In this paper, we theoretically prove that gradient descent can find a global minimum for nonlinear deep neural networks of sizes commonly encountered in practice. The theory developed in this paper requires only the number of trainable parameters to increase linearly as the number of training samples increases. This allows the size of the deep neural networks to be several orders of magnitude smaller than that required by the previous theories. Moreover, we prove that the linear increase of the size of the network is the optimal rate and that it cannot be improved, except by a logarithmic factor. Furthermore, deep neural networks with the trainability guarantee are shown to generalize well to unseen test samples with a natural dataset but not a random dataset.
Flooding is a destructive and dangerous hazard and climate change appears to be increasing the frequency of catastrophic flooding events around the world. Physics-based flood models are costly to calibrate and are rarely generalizable across different river basins, as model outputs are sensitive to site-specific parameters and human-regulated infrastructure. In contrast, statistical models implicitly account for such factors through the data on which they are trained. Such models trained primarily from remotely-sensed Earth observation data could reduce the need for extensive in-situ measurements. In this work, we develop generalizable, multi-basin models of river flooding susceptibility using geographically-distributed data from the USGS stream gauge network.
Deep learning (DL) has demonstrated its powerful capabilities in the field of image inpainting, which could produce visually plausible results. Meanwhile, the malicious use of advanced image inpainting tools (e.g. removing key objects to report fake news) has led to increasing threats to the reliability of image data. To fight against the inpainting forgeries, in this work, we propose a novel end-to-end Generalizable Image Inpainting Detection Network (GIID-Net), to detect the inpainted regions at pixel accuracy. The proposed GIID-Net consists of three sub-blocks: the enhancement block, the extraction block and the decision block. Specifically, the enhancement block aims to enhance the inpainting traces by using hierarchically combined special layers. The extraction block, automatically designed by Neural Architecture Search (NAS) algorithm, is targeted to extract features for the actual inpainting detection tasks. In order to further optimize the extracted latent features, we integrate global and local attention modules in the decision block, where the global attention reduces the intra-class differences by measuring the similarity of global features, while the local attention strengthens the consistency of local features. Furthermore, we thoroughly study the generalizability of our GIID-Net, and find that different training data could result in vastly different generalization capability. Extensive experimental results are presented to validate the superiority of the proposed GIID-Net, compared with the state-of-the-art competitors. Our results would suggest that common artifacts are shared across diverse image inpainting methods. Finally, we build a public inpainting dataset of 10K image pairs for the future research in this area.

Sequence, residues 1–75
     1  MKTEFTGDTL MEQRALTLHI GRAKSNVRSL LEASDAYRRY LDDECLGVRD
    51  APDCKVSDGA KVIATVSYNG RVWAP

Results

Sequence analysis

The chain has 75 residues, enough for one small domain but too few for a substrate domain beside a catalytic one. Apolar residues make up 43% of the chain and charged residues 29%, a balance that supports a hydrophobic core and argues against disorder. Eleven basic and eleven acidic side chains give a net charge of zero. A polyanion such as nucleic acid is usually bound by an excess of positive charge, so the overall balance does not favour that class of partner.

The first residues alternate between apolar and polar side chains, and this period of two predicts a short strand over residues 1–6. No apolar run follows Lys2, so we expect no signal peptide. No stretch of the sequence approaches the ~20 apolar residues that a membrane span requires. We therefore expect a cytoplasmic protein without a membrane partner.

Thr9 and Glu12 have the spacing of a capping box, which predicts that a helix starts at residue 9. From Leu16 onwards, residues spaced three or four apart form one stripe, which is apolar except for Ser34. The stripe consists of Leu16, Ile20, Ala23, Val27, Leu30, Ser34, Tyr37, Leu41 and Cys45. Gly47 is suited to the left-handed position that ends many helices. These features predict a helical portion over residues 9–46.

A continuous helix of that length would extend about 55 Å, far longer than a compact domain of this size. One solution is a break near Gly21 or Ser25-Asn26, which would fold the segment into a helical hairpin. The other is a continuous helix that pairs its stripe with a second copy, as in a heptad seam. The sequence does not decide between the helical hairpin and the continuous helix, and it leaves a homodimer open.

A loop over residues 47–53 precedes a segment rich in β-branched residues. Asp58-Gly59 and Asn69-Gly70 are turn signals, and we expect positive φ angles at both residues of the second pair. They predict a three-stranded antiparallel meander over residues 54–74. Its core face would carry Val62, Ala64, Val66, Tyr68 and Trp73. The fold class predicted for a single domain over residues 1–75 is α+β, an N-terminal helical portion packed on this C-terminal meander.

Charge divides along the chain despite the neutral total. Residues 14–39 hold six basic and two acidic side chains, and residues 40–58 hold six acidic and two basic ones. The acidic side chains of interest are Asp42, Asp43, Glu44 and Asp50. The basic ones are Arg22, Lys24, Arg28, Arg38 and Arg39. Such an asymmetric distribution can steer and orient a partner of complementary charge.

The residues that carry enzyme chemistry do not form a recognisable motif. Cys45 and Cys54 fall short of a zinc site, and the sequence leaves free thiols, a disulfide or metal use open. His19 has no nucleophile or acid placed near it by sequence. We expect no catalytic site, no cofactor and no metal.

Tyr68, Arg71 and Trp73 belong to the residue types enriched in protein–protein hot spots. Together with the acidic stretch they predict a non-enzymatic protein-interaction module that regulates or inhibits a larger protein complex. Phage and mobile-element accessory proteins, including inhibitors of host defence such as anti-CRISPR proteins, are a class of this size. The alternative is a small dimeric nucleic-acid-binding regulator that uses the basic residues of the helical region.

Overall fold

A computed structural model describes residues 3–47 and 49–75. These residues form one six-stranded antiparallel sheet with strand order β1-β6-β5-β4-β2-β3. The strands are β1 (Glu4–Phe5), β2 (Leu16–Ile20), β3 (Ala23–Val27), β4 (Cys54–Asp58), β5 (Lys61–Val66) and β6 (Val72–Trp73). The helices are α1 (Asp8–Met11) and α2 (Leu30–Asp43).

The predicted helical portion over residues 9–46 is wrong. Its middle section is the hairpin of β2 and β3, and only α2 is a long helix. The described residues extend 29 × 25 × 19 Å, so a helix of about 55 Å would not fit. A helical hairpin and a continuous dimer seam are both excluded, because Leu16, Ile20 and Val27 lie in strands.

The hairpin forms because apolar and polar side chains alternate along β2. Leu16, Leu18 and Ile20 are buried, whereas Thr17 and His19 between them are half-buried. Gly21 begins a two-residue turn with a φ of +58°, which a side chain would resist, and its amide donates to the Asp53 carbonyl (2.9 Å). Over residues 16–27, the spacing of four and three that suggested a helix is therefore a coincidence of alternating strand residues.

Inspired by evidence that pretrained language models (LMs) encode commonsense knowledge, recent work has applied LMs to automatically populate commonsense knowledge graphs (CKGs). However, there is a lack of understanding on their generalization to multiple CKGs, unseen relations, and novel entities. This paper analyzes the ability of LMs to perform generalizable commonsense inference, in terms of knowledge capacity, transferability, and induction. Our experiments with these three aspects show that: (1) LMs can adapt to different schemas defined by multiple CKGs but fail to reuse the knowledge to generalize to new relations. (2) Adapted LMs generalize well to unseen subjects, but less so on novel objects. Future work should investigate how to improve the transferability and induction of commonsense mining from LMs.
"Generalization" is an AI buzzword these days for good reason: most scientists would love to see the models they're training in simulations and video game environments evolve and expand to take on meaningful real-world challenges -- for example in safety, conservation, medicine, etc. One concerned research area is deep reinforcement learning (DRL), which implements deep learning architectures with reinforcement learning algorithms to enable AI agents to learn the best actions possible to attain their goals in virtual environments. DRL has been widely applied in games and robotics. Such DRL agents have an impressive track record on Starcraft II and Dota-2. But because they were trained in fixed environments, studies suggest DRL agents can fail to generalize to even slight variations of their training environments.